Automatic Hexahedral Meshing for Structures using the 3D Medial Axis

This presentation was made at NAFEMS UK Conference 2018, Taking Engineering Analysis and Simulation to the Next Level".

The NAFEMS UK Conference 2018 brought together all those involved in analysis and simulation from every corner of industry and academia, giving them an opportunity to advance their knowledge, give their organisations a competitive advantage, and a chance to be part of improving the technology itself.

Resource Abstract

Shakeel Seebooa International TechneGroup Limited (ITI)

There are several ways to mesh 3D solids for performing structural simulations. Despite progress in methods using tetrahedral and cartesian meshes, a hex mesh remains a very desirable mesh type, and is the most difficult to produce.

Hex meshes typically require fewer degrees of freedom to represent a finite element problem than an equivalent tetrahedral mesh. By also allowing for anisotropy, a hex mesh can further greatly reduce the number of nodes required for a given accuracy, leading to faster computation times and lower memory requirements. Coupled with the higher accuracy of solutions offered, high quality hex meshes can be essential for advanced simulations such as complex thermomechanical and non-linear contact analyses.

Several methods have been explored for automatically generating hex meshes, for example plastering, octree based approaches, and frame fields. However, problems such as element quality and robustness with such methods force users to resort to manual hex meshing, using a structured multi-block approach. This can be a lengthy process requiring skilled engineers and specialist geometry manipulation software. Automatic hex meshing has been researched for over 40 years and it is still a major problem in the industry.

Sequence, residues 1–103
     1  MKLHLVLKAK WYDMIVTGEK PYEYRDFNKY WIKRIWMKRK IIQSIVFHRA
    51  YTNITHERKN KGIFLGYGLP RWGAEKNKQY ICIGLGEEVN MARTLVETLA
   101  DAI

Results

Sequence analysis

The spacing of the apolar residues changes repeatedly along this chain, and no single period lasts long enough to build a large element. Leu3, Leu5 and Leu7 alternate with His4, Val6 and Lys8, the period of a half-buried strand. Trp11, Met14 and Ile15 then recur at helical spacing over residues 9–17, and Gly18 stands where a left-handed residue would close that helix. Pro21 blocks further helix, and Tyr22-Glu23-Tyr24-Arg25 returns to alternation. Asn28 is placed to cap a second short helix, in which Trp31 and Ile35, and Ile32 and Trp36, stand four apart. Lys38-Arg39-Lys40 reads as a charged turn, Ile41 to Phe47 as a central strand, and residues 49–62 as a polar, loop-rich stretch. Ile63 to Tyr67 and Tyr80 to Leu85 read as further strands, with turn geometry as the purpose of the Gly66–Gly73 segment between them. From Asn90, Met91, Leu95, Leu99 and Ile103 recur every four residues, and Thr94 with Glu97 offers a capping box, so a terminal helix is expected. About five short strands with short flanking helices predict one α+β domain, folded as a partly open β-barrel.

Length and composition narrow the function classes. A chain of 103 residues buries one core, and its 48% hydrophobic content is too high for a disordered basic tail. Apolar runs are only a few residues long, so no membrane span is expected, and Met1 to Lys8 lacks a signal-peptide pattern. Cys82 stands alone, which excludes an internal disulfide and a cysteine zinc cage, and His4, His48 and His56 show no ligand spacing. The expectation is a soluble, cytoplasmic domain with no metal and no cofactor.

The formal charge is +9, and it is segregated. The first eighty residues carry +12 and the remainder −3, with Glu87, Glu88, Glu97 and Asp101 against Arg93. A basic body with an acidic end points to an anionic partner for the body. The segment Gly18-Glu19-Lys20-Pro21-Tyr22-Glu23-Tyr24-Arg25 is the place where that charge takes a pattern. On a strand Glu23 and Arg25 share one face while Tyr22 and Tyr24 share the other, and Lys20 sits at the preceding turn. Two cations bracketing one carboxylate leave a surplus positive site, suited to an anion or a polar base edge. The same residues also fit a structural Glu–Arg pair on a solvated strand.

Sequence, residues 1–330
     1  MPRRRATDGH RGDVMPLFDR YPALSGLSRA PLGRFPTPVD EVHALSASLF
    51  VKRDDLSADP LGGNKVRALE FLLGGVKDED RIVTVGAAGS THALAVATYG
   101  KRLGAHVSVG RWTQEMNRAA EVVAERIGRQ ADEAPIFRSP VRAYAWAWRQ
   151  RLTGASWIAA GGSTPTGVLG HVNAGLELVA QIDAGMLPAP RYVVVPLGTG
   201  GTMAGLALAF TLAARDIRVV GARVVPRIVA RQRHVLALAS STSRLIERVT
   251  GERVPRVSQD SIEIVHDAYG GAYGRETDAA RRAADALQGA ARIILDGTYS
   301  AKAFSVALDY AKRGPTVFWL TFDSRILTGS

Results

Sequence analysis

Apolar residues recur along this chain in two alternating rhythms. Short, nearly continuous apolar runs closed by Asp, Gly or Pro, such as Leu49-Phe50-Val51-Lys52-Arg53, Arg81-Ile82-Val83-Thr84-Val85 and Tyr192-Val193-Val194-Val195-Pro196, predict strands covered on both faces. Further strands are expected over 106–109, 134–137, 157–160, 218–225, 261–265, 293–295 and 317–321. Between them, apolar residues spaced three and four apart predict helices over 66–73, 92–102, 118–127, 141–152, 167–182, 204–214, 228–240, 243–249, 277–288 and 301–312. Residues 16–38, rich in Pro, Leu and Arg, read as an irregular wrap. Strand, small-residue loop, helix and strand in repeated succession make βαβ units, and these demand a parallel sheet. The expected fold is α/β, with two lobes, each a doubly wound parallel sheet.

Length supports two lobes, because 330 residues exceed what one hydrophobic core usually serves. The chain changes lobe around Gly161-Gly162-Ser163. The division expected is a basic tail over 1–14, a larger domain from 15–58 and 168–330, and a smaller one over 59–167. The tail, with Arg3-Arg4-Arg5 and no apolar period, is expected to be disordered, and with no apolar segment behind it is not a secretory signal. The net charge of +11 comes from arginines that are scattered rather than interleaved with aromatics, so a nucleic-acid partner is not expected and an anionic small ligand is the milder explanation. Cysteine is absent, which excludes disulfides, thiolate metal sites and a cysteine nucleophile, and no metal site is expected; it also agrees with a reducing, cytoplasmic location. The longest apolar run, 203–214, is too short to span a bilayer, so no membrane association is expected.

In this paper, we pursue an approach based on the 3D Medial Axis Transform (MAT). The MAT was introduced by Blum as a method of analysing shapes, and has seen recent applications in mixed dimensional modelling, as well as previous work on hexahedral mesh generation. Our approach is an extension of previous work on hybrid meshing for CFD , and is based on the 3D medial axis algorithm available in our CADfix software. The MAT of a CAD model can be thought of as the skeleton of the shape, and captures key geometric information such as proximity. This information guides the decomposition of a general object into small hex meshable blocks, without user input.

The MAT of a CAD model is held as a non-manifold CAD structure known as a Medial Object (MO). Within thin regions, the MO faces can be treated as a local mid-surface. This allows for the partitioning of these regions into sweepable blocks, thereby reducing the problem to 2D quad meshing. In the more complicated thick regions of the model, the MO faces act as interior walls in the volume, and they bear a 1-1 mapping with the boundary. This allows the partitioning of the thick regions into hexahedral or sweepable blocks. Finally, hex blocks are constructed along the outer edges of the MO structure. This process provides a fully automatic way to generate a high quality, fully structured, hex mesh, with hexahedra well aligned to the boundaries, without prior knowledge of the model.

However, a fully structured hex mesh is not always ideal, as singularities can propagate from one boundary face to another, thereby adding constraints such as element size and shape to the mesh. For applications such as contact analysis, this can be problematic, as a full hex mesh can interfere with the quality of the mesh in the contact region. To avoid compromise to the mesh quality in the region of interest, we use the MO to generate a partitioning which produces hex meshes over the skin of the object, leaving behind a core meshed with unstructured tetrahedra. This provides high quality structured hexahedra where the simulation needs them most, with the flexibility of unstructured tetrahedra elsewhere.

This presentation will review the method of hex partitioning using MAT, the challenges faced and those yet to be addressed, and present the achievements to date.

Document Details

ReferenceC_Jul_18_UK_25
AuthorSeebooa. S
LanguageEnglish
TypePresentation
Date 17th July 2018
OrganisationInternational TechneGroup Limited
RegionUK

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